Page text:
Wearable technology evolves beyond simple activity trackers to improve your health
Yoga tights that correct poses and a smart bottle that recommends and adds supplements to your water are among the latest developments
Over the years, fitness trackers have largely been limited to monitoring quantifiable actions, such as the number of steps taken, the distance of a run, or the average speed of a cyclist. Now, this wearable technology is evolving to also focus on improving the quality and technique of such actions.
New York-based Wearable Experiments (WE) aims to fuse functional design with technology. The company views fashion as an “untapped resource” for individuals to stay connected in a practical way. The company’s latest development is Nadi, a line of yoga tights designed to correct posture and form during practice by utilising “haptic” technology, which re-creates the sense of touch through vibrations in the clothing.
“As someone who doesn’t always know the correct form or alignment in poses, I find having that proper guidance is crucial,” says Billie Whitehouse, WE’s co-founder and CEO. “As a lifestyle product, Nadi not only acts as that guide, but also integrates into your everyday life, reminding you of something as simple as uncrossing your legs while sitting down.”
The Nadi tights adjust the intensity and frequency of its haptic vibrations in real time according to the posture or pose, which works in parallel with an app (available for Apple and Android) which explains exactly which areas require adjustment to achieve optimum goals. The tights are able to identify the required range of movement, as well as track the angles of each pose, which register on the app as it offers a variety of yoga positions.
Where does the name for this new product come from? “Nadis are energy pathways throughout the body which were detailed thousands of years ago as part of traditional Indian medicine,” explains Jon Bond, a Jivamukti yoga teacher and general manager at the personal training gym Ultimate Performance HK. “Nadis transport prana - breath which is considered as an energy- or life-giving force - the Western equivalent would be how the nervous system works.”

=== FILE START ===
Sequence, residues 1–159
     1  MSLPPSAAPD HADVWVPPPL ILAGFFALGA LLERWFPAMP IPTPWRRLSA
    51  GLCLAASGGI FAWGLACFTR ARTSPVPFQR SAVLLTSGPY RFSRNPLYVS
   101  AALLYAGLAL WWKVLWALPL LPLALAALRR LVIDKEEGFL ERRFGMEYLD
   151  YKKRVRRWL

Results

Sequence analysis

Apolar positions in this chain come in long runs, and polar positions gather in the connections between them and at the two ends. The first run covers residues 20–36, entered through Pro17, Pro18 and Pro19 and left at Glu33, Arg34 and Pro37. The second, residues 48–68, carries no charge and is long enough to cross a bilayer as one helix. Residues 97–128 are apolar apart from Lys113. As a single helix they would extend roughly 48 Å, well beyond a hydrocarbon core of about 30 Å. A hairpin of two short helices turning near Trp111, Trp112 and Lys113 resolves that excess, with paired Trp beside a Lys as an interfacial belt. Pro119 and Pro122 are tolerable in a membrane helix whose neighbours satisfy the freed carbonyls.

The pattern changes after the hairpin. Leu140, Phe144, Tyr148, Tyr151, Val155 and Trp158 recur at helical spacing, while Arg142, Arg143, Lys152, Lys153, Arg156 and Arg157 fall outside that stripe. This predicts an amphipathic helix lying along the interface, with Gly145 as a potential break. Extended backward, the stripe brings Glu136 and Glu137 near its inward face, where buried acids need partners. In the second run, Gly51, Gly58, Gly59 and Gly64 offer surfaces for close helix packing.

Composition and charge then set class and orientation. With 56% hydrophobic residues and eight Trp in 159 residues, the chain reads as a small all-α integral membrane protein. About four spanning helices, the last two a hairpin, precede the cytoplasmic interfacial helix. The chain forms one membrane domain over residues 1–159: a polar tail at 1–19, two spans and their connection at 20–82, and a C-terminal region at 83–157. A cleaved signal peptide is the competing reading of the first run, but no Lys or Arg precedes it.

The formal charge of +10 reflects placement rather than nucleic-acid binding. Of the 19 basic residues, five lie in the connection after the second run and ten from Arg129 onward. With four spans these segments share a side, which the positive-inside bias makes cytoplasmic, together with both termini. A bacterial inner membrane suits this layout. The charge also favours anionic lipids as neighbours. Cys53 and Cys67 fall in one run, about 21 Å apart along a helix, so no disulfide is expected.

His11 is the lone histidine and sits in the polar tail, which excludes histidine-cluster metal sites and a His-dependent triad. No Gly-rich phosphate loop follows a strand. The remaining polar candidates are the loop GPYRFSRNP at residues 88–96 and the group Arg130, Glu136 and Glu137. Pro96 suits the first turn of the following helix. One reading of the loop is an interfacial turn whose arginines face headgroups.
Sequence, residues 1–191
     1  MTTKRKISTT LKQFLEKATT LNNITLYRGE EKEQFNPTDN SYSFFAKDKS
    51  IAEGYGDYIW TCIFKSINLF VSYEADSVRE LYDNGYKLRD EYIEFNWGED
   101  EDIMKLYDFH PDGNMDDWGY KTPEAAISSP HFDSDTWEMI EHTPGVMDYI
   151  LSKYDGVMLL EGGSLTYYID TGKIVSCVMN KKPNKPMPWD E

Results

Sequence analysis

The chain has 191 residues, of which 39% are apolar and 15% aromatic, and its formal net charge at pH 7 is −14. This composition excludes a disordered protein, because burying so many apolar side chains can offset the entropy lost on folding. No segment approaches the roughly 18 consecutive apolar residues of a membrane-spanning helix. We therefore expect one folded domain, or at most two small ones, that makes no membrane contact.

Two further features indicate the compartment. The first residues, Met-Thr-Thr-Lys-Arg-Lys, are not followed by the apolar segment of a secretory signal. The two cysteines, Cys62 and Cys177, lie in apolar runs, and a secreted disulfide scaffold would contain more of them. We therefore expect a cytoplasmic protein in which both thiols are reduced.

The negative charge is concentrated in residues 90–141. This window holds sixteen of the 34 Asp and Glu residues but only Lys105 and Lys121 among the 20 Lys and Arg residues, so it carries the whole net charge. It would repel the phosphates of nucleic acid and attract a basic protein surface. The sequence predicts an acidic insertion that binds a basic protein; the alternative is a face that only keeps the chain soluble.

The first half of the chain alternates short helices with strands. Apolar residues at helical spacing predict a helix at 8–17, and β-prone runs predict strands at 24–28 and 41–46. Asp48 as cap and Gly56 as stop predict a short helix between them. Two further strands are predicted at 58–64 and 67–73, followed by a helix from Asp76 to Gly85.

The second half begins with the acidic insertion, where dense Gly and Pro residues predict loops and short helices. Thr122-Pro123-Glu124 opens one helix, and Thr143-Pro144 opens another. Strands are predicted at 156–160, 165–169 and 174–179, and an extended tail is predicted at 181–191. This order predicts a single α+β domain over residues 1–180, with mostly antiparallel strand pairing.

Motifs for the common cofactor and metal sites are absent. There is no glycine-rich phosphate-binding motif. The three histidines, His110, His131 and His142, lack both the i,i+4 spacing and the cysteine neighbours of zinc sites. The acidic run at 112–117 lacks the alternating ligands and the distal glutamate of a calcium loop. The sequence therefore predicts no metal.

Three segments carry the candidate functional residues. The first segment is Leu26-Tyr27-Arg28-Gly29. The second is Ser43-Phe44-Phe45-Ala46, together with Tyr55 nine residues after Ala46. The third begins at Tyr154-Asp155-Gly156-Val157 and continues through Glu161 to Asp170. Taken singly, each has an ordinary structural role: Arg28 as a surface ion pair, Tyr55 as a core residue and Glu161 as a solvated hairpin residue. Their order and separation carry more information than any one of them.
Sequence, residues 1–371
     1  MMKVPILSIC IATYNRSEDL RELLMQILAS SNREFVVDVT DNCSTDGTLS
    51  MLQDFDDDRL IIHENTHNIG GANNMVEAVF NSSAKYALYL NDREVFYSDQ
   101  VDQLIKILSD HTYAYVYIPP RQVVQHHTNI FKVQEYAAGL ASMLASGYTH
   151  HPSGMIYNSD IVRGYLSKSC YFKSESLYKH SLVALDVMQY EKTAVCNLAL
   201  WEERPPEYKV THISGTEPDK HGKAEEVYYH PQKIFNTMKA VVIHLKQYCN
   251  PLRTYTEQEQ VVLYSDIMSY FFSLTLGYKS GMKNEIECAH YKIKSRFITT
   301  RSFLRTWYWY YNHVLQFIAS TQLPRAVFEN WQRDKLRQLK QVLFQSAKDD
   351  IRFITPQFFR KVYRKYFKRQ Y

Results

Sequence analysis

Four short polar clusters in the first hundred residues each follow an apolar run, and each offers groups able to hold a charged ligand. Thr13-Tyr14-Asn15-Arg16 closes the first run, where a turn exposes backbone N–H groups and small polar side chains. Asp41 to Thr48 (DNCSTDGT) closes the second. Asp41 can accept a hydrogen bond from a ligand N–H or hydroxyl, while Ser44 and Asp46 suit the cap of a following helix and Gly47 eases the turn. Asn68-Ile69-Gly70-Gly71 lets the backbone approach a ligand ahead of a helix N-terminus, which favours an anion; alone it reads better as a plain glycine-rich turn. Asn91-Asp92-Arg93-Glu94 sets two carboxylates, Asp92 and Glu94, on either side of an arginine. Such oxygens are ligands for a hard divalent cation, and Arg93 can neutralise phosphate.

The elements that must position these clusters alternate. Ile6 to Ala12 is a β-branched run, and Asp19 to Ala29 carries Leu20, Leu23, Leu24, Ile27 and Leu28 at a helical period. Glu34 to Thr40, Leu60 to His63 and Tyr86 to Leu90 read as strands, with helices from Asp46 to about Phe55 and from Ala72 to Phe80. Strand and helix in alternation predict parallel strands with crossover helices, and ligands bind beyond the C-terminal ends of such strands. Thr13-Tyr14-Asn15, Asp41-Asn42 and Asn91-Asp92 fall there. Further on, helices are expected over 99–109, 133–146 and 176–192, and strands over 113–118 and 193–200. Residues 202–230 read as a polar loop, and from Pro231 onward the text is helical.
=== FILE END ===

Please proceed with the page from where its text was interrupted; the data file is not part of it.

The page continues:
Another hi-tech tool to help ensure a healthy year is the LifeFuels smart bottle - winner of the CES 2016 Innovation Award. The company offers a streamlined solution to tracking, measuring and having easy access to your daily nutritional supplements in one portable system accompanied by a smartphone app.
This BPA-free bottle tracks not only your hydration levels, but also works together with activity trackers to recommend what vitamins or minerals your body requires at what time for optimum effectiveness. Supplements such as vitamins, minerals, whey protein, energy, superfoods, coconut water, electrolytes, and even tea or coffee are attached in compact 1oz canisters, or “FuelPods”, on top of the bottle, which can easily be dispensed into the water at the push of a button. Each FuelPod contains as many as 25 servings, and five canisters can be attached to each LifeFuels bottle.
The LifeFuels bottle is charged through a wireless coaster and connects to the app via Bluetooth 4.0, which means your phone’s battery won’t be drained. Once a FuelPod is inserted, the bottle instantly recognises the supplement and updates the app accordingly. The app aims to track what you put into your body, while also factoring in fitness readings such as steps taken and heart rate. Tailor-made recommendations from registered dieticians are also available through the app.